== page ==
By: Joel Bryant
The North Carolina High School Athletic Association (henceforth referred to as the NCHSAA) submitted the final proposal for the upcoming conference realignment. If approved by the NCHSAA Board of Directors this week, the new conferences will be put into place starting in the 2017-2018 school year. Conference realignment is a regular occurrence that takes place once every four years. The new conferences will be in effect until 2021, when a new realignment period opens for further adjustments. The last time it happened was in 2013, but no one at Heritage ever noticed because the changes were minimal and had no effect on the current Cap-8. This next realignment, however, will usher in drastic, and perhaps lasting, changes to our local high school sports landscape.
If (when) the realignment is approved, the Cap-8, as well as every conference in the area, will be torn apart and rebuilt into something wholly different from before. In some cases, rivalries will extinguish, and in others, key relationships will become defunct. In all cases, a certain brand of tradition will go down the drain. So, why is this happening?
The reality is that such a shake-up to our respective conferences is necessary. In more ways than one, the changes suck, I agree. But this is necessary suckiness.
In North Carolina high school competition, schools are divided into four “regions” (better described as groups) to reflect overall population. To put it simply, this makes the smallest schools compete against the smallest schools, and the largest schools compete against the largest schools. Of course, it isn’t that simple. These regions do two things: the first is to establish fair competition for state championships by having like-sized schools compete against one another. The second, and while not the focal effect, is to create selections of schools that can easily and fairly be divided up into smaller conferences.
Before the upcoming realignment, the NCHSAA allocated schools to these four regions with an even 25-25-25-25 percent split (meaning the number of schools in the 4A region will equal that of the 1A and so on). In recent years, an issue with this model began to surface. As a result of North Carolina’s blistering population growth, some high schools have become increasingly crowded. This particularly became a problem in more rural areas, where one or two schools grew much larger than the others in their surroundings. These schools had to be placed in a higher region than their neighbors. And thanks to their location, they could not be placed into conferences with like-sized schools. Ultimately, this led to the existence of split conferences, where schools in different classifications were mixed together. Split conferences are not ideal for multiple reasons that I don’t feel like diving into.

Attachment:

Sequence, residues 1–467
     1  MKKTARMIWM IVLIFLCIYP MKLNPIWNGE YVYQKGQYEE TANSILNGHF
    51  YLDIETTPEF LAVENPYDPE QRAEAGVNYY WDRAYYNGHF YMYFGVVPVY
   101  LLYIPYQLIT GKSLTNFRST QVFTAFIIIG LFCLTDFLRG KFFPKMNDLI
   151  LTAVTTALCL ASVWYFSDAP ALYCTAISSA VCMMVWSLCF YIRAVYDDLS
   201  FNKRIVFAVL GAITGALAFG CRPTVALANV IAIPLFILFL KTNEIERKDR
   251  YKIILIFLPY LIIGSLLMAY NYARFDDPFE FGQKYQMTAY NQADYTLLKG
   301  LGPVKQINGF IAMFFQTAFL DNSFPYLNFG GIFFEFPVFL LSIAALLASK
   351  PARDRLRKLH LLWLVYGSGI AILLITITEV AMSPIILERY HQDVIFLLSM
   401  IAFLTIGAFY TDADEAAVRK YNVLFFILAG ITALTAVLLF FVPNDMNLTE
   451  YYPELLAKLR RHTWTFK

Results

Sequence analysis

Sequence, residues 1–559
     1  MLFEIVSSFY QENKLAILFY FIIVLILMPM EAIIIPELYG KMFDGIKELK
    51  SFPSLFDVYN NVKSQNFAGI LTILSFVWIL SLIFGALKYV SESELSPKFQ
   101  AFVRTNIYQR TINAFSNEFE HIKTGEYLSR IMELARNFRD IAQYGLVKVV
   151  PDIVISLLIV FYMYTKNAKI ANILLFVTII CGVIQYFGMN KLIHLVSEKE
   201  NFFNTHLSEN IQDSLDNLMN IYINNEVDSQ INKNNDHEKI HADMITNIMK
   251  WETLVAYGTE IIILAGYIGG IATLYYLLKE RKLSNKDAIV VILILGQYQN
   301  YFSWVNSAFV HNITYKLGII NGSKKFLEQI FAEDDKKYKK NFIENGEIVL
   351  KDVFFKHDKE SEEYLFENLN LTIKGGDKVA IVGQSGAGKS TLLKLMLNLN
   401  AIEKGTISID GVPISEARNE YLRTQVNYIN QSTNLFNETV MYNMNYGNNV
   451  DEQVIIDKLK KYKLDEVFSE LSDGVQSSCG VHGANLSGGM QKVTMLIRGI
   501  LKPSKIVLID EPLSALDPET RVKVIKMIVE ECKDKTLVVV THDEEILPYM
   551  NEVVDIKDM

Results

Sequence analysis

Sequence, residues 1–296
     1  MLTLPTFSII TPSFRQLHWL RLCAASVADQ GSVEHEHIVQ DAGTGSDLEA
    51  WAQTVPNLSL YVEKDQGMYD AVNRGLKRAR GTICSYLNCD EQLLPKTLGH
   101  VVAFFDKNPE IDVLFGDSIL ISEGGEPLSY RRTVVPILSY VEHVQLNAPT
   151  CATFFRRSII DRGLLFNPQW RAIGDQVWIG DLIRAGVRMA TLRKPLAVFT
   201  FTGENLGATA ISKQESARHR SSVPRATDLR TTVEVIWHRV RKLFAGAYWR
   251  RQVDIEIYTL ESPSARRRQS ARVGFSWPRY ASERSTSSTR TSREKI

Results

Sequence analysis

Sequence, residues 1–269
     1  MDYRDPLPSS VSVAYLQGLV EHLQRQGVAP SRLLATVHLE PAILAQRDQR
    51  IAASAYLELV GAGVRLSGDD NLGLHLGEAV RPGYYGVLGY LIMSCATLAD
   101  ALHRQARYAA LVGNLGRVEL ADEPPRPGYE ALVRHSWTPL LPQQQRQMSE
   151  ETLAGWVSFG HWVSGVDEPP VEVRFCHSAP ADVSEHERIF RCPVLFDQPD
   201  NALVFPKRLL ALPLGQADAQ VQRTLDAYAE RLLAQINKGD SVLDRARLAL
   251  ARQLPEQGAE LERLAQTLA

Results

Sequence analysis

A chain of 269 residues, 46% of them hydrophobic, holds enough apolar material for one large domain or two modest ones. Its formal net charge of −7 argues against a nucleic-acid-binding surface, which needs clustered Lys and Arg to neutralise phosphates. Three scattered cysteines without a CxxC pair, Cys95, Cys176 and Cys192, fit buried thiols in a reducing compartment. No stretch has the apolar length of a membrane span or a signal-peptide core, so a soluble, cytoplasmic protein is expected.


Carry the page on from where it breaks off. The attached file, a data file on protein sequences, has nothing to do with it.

Now, the NCHSAA will divide regions into a 20-30-30-20 model. This model reduces the number of split conferences from twelve to nine, as J. Mike Blake pointed out in The News & Observer. The setup may have an added effect of bolstering parity in each classification, with some smaller 4A schools getting moved to the 3A where they have a better chance to compete. Not many schools are actually changing regions, but for whom those are, it may be a welcomed changed.
This is where all of this information relates back to Heritage and the current Cap-8. Four schools to the east of Raleigh are changing regions, and one school to the south is adjusting. These schools are East Wake, Clayton, Harnett Central, West Johnston, and Corinth Holders. East Wake, Clayton, Harnett, and West Johnston, all members of the Greater Neuse River Conference (GNRC), are dropping from 4A to 3A, while Corinth Holders is bumping up from 3A to 4A. The four GNRC schools shifting to 3A left a major gap in the conference. This enabled the NCHSAA to completely deconstruct the Greater Neuse, a conference that is notoriously all over the place geographically.
Now, back to Corinth Holders. For the Pirates, the closest 4A school to them is going to be Knightdale. This is where the NCHSAA started with the realignment in our area. Outside of Knightdale, only three schools in the GNRC will remain in the 4A classification: Garner, Southeast Raleigh, and Rolesville. Southeast Raleigh and Garner are much closer to schools to their north and west, so it wouldn’t make sense to include them in the far east conference with the Knights and Pirates. Rolesville, on the other hand, is a wise addition based purely on geographical location. From here, it was natural to include the three 4A schools right around the block: Heritage, Wake Forest, and Wakefield, separating our three school cluster from the rest of North Raleigh and putting an end to the Cap-8 as we know it.